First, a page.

Fast-food restaurant toilet water cleaner than ice

Girl’s Science Project May Make You Rethink That Drink Order

By MICHELE SAGER , The Tampa Tribune
Tampa Bay Online

TAMPA - Those ice-cold drinks from favorite fast food restaurants may not seem as refreshing after a seventh-grader’s science project reveals what may lurk inside the cup.

Benito Middle School student Jasmine Roberts examined the amount of bacteria in ice served at fast food restaurants.

Her project won the science fair at the New Tampa school, and she hopes to win a top prize at the Hillsborough County Regional Science and Engineering Fair, which starts Tuesday.

The 12-year-old compared the ice used in the drinks with the water from toilet bowls in the same restaurants. Jasmine said she found the results startling.

“I thought there might be a little bacteria in the ice, but I never expected it to be this much,” she said. “And I never thought the toilet water would be cleaner.”

Her discovery: Seventy percent of the time, the ice had more bacteria than the toilet water.

Geoff Luebkemann, director of the division for hotels and restaurants at the Department of Business and Professional Regulation, said people shouldn’t swear off fast food ice just yet. His state agency regulates Florida businesses, including coordinating health inspections.

“Ice machines are part of the health inspections,” Luebkemann said. “There are a lot of factors that have to be considered, like how accurately did she gather and test her specimens. Plus, comparing the ice to toilet water can be misleading because there are acceptable levels of bacteria for water.”

Jasmine said she has always been interested in water quality and its link to health issues. Last year, she compared hotel ice to toilet water. She decided to branch out to restaurants this year.

She is a previous county winner, and her brother won a top prize last year for his project.

For this project, Jasmine visited five fast food restaurants near the University of South Florida. She collected ice samples from self-service dispensers inside the restaurants, as well as ice from drinks served through drive-through windows. She also collected samples of toilet water from those restaurants.

She placed the samples into sterile containers and tested them at a lab at the H. Lee Moffitt Cancer Center, where she volunteers with a USF professor.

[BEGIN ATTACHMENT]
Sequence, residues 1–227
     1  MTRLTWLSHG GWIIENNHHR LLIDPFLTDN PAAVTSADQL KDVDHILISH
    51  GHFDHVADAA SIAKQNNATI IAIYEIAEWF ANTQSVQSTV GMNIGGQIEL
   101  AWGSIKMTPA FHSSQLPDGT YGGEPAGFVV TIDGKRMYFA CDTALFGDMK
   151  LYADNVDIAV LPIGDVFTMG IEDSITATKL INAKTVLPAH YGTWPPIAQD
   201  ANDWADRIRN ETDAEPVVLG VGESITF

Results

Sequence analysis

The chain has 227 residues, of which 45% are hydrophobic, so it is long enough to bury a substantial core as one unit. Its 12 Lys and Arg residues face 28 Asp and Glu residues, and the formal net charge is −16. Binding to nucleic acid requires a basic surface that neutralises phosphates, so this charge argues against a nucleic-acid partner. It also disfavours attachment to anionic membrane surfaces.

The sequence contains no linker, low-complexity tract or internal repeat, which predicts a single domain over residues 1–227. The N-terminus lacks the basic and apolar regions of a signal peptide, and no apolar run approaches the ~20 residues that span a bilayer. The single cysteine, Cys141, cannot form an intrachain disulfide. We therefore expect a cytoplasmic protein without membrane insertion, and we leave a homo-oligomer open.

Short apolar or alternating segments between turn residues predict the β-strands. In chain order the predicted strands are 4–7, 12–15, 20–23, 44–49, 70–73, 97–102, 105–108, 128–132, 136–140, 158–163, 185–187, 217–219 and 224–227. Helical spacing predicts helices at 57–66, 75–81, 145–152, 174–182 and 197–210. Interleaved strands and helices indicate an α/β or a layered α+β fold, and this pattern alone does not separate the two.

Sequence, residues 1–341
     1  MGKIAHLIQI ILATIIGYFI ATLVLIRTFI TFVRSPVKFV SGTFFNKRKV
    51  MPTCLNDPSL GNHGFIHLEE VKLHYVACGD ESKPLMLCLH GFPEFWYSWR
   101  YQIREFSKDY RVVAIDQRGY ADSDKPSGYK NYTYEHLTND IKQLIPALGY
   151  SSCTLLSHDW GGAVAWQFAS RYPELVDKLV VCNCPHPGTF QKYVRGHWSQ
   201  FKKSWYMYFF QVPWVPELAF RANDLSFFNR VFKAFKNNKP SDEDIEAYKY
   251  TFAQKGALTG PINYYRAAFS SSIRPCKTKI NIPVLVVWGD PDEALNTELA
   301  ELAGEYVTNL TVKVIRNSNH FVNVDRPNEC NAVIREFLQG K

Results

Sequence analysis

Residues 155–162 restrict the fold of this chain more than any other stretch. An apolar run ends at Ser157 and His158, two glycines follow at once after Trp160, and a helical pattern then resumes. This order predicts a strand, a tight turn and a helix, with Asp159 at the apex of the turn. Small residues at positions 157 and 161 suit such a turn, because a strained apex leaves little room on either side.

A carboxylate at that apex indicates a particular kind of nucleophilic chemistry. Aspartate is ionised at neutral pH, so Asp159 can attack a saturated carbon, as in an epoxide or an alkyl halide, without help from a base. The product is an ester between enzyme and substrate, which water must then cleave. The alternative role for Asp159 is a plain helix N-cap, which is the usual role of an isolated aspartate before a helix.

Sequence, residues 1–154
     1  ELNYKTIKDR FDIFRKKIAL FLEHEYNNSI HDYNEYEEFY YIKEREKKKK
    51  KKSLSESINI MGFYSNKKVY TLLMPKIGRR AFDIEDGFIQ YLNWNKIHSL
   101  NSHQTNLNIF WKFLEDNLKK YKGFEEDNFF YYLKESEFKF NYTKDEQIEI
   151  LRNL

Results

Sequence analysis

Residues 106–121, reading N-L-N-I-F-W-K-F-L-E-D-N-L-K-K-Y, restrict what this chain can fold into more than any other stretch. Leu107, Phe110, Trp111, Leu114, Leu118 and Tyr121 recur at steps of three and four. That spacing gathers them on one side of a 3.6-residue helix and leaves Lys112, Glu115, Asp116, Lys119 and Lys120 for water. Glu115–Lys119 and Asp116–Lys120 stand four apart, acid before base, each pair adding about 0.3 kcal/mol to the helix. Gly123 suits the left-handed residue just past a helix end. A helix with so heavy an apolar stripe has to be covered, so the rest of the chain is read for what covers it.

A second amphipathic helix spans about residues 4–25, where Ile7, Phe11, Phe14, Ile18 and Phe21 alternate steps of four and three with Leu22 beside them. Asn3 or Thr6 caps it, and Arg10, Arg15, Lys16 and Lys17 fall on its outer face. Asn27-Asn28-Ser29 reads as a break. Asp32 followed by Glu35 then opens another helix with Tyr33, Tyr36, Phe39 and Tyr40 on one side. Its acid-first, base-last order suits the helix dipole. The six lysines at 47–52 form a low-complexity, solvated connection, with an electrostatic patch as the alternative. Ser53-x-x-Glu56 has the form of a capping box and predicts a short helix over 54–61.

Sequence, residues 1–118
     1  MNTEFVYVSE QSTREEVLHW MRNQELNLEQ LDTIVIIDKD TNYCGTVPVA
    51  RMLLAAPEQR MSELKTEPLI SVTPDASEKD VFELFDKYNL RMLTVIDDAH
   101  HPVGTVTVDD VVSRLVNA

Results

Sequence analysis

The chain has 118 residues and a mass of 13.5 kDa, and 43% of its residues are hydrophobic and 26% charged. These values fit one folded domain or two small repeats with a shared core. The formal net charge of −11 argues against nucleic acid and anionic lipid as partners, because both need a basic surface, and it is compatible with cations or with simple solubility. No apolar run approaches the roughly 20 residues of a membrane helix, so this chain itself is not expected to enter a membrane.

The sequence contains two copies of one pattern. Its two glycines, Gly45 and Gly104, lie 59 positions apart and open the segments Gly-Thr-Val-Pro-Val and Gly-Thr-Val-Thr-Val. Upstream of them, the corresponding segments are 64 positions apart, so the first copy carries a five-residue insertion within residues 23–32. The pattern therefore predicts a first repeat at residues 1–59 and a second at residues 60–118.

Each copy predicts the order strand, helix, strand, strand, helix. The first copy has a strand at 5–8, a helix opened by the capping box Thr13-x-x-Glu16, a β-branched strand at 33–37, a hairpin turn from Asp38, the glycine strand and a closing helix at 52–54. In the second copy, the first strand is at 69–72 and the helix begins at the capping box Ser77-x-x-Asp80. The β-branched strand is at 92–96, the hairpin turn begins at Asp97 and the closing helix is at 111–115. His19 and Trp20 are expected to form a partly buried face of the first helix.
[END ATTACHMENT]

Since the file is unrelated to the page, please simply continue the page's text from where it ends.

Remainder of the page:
Jasmine found that in four of the five restaurants, the ice that came from the self-serve machines had more bacteria than the toilet water. Three of the five cups of ice from the drive-through windows had more bacteria than the toilet water.

Of the bacteria found in the ice, three out of the five restaurants tested positive for fecal coliform or E. coli, organisms that come from the feces of warm-blooded animals.

Health symptoms related to the presence of coliform include cramps and diarrhea. E. coli can cause intestinal illness and, in rare cases, hemolytic uremic syndrome, a serious kidney condition.

Jasmine offers several theories for the contamination.

“The machine may not be cleaned properly, or it comes from someone touching the ice with their hands,” she said.

Galina Tuninskaya, vice president of Applied Consumer Services, a private lab that tests drinking water, said the standard for drinking water is usually 100 colony-forming units of bacteria per milliliter. The highest amount Jasmine found was 54 units in ice from a self-serve machine.

Tuninskaya said the acceptable level varies for each type of bacteria.

“No levels of fecal coliform or E. coli are acceptable,” she said. “If you find that, you’ve got a problem.”

Jasmine won’t reveal the locations she tested, for legal reasons, but she did present her findings to the restaurants and various government agencies.

“I think this is important because these bacteria can seriously affect people with weak immune systems,” she said.

She said the restaurant managers or owners she spoke with were surprised by the results because, they said, they clean the machines regularly.

Several managers said they plan to use the information to change procedures, Jasmine said. One manager even asked her to come back and test the temperature of the food.

As for Jasmine, she has changed her ordering habits.

“No way,” she said. “After this, I definitely don’t get ice.”

“I never thought the toilet water would be cleaner.”

Hm. I had a chocolate drink mixed with ice and two hamburgers at a fastfood (of Lotteria that belongs to the giant Lotte group of Japan and South Korea), and also visited the toilet inside the restaurant a few times (to wash hands and face and look in the mirror) but who could have thought comparing ice in a cup of juice or cola with the water in a toilet? :rolleyes:

I always boil anything I drink at home. Having instant coffee right now.

Hm. BTW, aren’t those ice things all prepared long before orders? Most girls (and boys) who ever worked at fastfood restaurants even including McDonald’s tell their friends and acquintances not to eat anything made there, but then that’s the same story about any restaurant of any kind at least in South Korea.

My mom is a nurse and responsible for the hygiene on her ward so she’s been to many seminars about these things. Its generally known that ice machines are serious bacteria cores even if one does clean them per instructions. They are banned at hospitals around here.

Can a microwave machine kill them in ice cubes? :slight_smile: